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3.3. Unmounting a GFS2 File System

GFS2 file systems that have been mounted manually rather than automatically through Pacemaker will not be known to the system when file systems are unmounted at system shutdown. As a result, the GFS2 script will not unmount the GFS2 file system. After the GFS2 shutdown script is run, the standard shutdown process kills off all remaining user processes, including the cluster infrastructure, and tries to unmount the file system. This unmount will fail without the cluster infrastructure and the system will hang.
To prevent the system from hanging when the GFS2 file systems are unmounted, you should do one of the following:
  • Always use Pacemaker to manage the GFS2 file system. For information on configuring a GFS2 file system in a Pacemaker cluster, see Chapter 5, Configuring a GFS2 File System in a Cluster.
  • If a GFS2 file system has been mounted manually with the mount command, be sure to unmount the file system manually with the umount command before rebooting or shutting down the system.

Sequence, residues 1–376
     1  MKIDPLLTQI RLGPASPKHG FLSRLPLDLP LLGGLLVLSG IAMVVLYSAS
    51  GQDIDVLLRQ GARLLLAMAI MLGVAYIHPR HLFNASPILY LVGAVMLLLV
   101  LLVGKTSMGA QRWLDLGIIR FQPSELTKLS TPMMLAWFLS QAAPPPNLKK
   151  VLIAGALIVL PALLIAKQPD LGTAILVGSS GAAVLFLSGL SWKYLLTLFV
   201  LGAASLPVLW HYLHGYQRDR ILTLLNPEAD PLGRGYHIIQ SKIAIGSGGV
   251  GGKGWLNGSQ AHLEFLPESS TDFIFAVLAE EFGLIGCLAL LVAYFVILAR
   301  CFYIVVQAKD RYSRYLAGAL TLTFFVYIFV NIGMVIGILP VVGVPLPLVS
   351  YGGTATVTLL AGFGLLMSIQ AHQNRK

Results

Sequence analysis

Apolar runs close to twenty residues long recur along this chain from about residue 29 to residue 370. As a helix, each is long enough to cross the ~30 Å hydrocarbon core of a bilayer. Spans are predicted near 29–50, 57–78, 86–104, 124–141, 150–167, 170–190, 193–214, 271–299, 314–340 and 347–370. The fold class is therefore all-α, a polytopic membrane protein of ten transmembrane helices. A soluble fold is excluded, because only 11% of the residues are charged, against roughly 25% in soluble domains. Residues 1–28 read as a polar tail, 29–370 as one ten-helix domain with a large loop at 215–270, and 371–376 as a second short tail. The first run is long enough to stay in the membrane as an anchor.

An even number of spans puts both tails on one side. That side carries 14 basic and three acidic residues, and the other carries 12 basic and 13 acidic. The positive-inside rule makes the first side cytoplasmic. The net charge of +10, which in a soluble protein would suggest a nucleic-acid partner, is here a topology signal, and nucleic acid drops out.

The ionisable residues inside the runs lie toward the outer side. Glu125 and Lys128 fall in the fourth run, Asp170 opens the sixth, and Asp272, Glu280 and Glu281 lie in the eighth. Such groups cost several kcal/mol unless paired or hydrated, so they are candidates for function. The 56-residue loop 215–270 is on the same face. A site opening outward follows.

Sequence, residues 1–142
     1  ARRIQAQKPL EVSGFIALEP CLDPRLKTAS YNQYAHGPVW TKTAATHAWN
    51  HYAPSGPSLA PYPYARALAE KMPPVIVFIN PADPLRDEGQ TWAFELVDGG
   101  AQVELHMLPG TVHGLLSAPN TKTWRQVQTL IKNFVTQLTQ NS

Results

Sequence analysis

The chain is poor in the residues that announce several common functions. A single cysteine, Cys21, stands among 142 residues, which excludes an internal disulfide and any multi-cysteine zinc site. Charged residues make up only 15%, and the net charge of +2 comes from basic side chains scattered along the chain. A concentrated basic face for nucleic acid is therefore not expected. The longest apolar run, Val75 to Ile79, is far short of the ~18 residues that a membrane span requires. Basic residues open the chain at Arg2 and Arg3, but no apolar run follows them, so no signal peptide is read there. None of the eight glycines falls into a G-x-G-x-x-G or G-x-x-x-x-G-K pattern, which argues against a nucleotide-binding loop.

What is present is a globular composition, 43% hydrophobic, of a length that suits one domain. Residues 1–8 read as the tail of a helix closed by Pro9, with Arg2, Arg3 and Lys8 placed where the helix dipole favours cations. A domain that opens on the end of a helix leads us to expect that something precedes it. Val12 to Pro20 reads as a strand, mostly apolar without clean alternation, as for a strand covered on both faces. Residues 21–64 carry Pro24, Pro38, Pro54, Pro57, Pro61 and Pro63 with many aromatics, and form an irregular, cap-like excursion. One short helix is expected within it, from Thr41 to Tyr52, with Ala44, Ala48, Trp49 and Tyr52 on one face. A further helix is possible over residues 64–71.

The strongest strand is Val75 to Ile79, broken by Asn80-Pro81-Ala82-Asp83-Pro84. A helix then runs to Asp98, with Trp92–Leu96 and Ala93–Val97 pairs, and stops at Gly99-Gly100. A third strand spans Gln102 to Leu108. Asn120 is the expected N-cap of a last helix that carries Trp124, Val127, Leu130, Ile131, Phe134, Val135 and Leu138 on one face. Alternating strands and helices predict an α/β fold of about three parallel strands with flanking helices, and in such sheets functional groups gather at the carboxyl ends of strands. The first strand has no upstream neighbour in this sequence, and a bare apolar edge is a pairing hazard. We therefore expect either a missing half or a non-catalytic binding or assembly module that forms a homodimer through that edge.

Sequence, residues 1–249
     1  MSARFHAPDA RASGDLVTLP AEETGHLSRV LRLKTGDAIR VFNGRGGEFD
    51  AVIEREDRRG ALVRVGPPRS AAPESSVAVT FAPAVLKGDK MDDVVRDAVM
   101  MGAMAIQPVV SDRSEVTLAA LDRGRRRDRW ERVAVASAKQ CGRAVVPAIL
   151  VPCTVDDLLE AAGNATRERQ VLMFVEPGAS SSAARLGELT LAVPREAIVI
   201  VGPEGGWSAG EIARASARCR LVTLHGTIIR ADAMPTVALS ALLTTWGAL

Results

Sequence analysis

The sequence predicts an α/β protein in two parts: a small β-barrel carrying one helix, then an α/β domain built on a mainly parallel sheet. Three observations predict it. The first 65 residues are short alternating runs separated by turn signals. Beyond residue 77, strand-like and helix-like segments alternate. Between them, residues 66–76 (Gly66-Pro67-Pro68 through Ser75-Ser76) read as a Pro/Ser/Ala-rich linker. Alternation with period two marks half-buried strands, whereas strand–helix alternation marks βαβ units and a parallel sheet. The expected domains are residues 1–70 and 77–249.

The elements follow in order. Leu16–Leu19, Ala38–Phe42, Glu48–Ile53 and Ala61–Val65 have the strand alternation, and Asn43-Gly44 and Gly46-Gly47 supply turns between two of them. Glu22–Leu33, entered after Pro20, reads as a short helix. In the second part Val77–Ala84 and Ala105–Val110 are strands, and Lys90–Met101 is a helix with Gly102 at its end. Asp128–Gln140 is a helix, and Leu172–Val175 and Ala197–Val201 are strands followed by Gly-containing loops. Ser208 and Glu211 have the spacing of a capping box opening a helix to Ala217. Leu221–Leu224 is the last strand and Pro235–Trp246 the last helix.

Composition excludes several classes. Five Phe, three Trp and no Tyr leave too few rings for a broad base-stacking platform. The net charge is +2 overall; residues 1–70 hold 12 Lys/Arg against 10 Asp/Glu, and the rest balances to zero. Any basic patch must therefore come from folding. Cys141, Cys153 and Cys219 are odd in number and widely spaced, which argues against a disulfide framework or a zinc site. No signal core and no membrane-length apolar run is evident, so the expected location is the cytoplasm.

If your file system hangs while it is being unmounted during system shutdown under these circumstances, perform a hardware reboot. It is unlikely that any data will be lost since the file system is synced earlier in the shutdown process.
The GFS2 file system can be unmounted the same way as any Linux file system, by using the umount command.


The umount command is a Linux system command. Information about this command can be found in the Linux umount command man pages.


umount MountPoint
Specifies the directory where the GFS2 file system is currently mounted.